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Definition of Gerrymander

To gerrymander is to draw the boundaries of electoral districts in an irregular way so as to create an unfair advantage for a particular political party or faction.

The origin of the term gerrymander dates back to the early 1800s in Massachusetts. The word is a combination of the words Gerry, for the state"s governor, Elbridge Gerry, and salamander, as a particular electoral district was jokingly said to be shaped like a lizard.

The practice of creating oddly shaped electoral districts to create advantages has endured for two centuries.

Criticisms of the practice can be found in newspapers and books going back to the time of the incident in Massachusetts that inspired the term.

And while it has always been viewed as something done wrongfully, nearly all political parties and factions have practiced gerrymandering when given the opportunity.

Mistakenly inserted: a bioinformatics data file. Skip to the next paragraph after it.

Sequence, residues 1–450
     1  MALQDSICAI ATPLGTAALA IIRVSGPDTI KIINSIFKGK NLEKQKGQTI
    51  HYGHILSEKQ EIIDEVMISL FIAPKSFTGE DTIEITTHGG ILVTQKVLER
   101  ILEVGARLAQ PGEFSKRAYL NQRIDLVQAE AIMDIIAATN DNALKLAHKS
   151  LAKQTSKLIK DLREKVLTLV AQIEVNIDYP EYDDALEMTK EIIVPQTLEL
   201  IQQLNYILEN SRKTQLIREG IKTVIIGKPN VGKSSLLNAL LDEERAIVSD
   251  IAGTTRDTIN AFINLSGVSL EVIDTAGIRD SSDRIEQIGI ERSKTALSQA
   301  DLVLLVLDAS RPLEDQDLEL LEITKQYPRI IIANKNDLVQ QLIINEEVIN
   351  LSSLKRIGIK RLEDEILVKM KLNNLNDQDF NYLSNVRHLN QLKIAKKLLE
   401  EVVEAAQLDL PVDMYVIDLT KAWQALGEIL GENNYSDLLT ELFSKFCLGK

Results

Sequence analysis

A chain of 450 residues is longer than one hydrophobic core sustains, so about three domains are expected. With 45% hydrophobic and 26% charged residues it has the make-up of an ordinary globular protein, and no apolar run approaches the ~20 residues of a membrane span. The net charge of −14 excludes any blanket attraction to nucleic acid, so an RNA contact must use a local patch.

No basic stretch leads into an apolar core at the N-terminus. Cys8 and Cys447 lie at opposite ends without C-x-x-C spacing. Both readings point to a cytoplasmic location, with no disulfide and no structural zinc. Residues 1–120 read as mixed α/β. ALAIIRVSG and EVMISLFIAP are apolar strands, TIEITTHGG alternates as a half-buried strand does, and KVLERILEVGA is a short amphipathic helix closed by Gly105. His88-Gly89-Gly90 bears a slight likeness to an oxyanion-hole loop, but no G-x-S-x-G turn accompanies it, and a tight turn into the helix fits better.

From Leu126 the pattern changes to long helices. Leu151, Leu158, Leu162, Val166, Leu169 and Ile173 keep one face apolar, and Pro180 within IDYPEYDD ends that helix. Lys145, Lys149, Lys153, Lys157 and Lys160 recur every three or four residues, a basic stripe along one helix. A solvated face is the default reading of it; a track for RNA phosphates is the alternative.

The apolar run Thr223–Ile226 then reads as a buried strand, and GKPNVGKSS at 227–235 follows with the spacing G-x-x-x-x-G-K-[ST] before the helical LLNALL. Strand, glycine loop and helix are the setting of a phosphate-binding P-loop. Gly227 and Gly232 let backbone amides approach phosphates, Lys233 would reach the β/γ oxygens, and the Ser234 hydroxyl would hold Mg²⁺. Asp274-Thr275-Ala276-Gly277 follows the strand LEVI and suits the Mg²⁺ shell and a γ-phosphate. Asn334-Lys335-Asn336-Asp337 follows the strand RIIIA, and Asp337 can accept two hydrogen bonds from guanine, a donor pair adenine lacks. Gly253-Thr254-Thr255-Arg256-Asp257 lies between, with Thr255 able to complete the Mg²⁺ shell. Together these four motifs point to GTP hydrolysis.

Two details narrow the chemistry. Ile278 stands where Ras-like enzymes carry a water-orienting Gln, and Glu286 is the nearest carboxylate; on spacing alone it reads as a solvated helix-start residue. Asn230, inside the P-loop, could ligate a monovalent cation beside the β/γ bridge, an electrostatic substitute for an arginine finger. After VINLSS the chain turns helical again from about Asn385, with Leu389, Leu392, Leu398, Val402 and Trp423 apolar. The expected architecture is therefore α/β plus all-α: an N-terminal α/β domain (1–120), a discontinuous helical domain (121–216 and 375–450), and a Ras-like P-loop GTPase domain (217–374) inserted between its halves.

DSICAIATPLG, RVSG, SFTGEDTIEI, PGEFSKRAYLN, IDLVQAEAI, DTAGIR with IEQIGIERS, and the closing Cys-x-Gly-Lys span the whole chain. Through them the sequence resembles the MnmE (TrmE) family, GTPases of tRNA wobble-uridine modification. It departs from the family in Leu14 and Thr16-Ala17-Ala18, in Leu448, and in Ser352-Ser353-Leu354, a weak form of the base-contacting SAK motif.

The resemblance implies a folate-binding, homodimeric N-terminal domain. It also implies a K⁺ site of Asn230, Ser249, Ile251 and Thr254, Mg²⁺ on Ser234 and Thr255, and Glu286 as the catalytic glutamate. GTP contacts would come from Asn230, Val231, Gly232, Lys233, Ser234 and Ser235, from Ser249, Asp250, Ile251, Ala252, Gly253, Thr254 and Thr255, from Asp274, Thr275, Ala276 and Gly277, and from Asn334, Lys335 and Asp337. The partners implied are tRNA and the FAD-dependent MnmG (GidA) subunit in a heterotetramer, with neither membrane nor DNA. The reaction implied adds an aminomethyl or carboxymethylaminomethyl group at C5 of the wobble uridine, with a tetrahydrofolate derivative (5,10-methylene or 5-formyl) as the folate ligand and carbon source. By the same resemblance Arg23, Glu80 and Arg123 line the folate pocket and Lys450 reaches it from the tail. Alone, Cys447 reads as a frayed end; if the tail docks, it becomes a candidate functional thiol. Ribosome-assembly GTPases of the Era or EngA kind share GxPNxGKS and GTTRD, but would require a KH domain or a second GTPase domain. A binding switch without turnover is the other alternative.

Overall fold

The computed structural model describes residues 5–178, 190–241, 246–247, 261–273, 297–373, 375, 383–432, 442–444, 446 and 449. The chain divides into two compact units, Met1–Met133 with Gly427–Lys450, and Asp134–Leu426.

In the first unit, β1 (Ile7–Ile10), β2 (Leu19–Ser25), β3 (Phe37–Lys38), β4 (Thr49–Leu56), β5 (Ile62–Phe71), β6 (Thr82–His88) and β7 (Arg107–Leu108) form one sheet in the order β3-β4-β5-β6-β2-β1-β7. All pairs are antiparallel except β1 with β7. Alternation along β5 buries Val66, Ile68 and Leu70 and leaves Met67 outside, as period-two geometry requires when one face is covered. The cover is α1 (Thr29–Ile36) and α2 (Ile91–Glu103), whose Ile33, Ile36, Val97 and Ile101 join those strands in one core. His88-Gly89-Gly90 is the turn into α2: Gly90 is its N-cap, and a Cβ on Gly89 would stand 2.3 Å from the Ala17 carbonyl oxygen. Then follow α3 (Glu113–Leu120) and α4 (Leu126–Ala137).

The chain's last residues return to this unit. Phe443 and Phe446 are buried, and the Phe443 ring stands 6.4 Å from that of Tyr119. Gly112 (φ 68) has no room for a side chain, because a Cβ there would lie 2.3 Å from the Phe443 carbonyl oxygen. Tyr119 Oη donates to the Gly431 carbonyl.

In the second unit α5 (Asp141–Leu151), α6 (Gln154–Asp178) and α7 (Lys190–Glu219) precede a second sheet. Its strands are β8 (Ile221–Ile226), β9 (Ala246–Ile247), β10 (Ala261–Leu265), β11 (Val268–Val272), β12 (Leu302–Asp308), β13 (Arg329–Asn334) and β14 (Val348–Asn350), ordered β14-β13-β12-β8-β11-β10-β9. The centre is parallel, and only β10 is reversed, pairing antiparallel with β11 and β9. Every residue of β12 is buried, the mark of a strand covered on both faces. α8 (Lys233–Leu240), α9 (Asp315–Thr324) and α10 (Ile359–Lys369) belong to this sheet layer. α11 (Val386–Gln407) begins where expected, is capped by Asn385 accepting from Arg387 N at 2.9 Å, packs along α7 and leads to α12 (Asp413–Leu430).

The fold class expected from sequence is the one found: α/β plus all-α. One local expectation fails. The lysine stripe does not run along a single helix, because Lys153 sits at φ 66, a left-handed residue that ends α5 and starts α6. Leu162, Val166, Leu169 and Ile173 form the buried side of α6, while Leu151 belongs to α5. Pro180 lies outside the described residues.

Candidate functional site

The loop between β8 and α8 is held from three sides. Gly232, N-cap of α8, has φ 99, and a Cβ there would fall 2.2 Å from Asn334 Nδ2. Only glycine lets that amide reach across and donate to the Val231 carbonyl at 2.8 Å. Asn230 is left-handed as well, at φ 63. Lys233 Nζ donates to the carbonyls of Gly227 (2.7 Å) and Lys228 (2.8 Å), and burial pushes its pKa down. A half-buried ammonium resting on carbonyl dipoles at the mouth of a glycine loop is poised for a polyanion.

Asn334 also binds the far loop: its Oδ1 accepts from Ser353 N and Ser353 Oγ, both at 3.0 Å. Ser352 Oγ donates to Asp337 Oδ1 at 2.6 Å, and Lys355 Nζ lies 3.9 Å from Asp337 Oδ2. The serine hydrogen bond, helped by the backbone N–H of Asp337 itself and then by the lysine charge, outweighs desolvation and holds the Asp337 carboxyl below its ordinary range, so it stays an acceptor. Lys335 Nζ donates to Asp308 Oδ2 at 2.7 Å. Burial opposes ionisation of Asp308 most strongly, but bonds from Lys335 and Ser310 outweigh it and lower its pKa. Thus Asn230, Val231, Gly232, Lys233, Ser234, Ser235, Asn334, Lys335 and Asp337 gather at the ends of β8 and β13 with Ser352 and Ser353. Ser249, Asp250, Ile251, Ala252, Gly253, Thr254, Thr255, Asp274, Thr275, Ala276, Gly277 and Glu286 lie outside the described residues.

The United States Constitution specifies that seats in Congress are apportioned according to the U.S. Census (indeed, that"s the original reason why the federal government has conducted a census every ten years). And the individual states must create congressional districts which will then elect members of the U.S. House of Representatives.

The situation in Massachusetts in 1811 was that the Democrats (who were political followers of Thomas Jefferson, not the later Democratic Party which still exists) held the majority of seats in the state legislature, and could therefore draw the required Congressional districts.

The Democrats wanted to thwart the power of their opponents, the Federalists, the party in the tradition of John Adams. A plan was devised to create Congressional districts that would divide any concentrations of Federalists. With the map drawn in an irregular way, small pockets of Federalists would then be residing within districts where they would be heavily outnumbered.

The plans to draw these peculiarly shaped districts were, of course, highly controversial. And the lively New England newspapers engaged in quite a battle of words, and, eventually, even

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